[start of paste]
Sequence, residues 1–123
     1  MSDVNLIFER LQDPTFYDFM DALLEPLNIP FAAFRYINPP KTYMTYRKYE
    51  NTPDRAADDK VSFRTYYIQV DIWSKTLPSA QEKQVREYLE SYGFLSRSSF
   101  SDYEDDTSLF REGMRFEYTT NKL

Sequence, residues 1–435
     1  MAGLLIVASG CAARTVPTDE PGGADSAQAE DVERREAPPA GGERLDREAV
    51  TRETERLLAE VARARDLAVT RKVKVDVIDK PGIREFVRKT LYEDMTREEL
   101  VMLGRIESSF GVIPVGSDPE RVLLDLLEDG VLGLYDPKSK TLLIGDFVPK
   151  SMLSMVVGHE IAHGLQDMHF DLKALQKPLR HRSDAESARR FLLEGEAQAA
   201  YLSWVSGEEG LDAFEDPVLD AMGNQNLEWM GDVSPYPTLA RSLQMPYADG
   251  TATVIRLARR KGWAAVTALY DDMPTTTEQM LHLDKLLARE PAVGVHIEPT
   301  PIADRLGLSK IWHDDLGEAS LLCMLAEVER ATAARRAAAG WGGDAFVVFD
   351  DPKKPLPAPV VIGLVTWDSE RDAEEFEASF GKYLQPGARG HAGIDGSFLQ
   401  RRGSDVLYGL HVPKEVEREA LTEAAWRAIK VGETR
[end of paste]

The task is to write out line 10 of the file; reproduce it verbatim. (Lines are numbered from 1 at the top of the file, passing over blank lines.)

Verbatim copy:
   201  YLSWVSGEEG LDAFEDPVLD AMGNQNLEWM GDVSPYPTLA RSLQMPYADG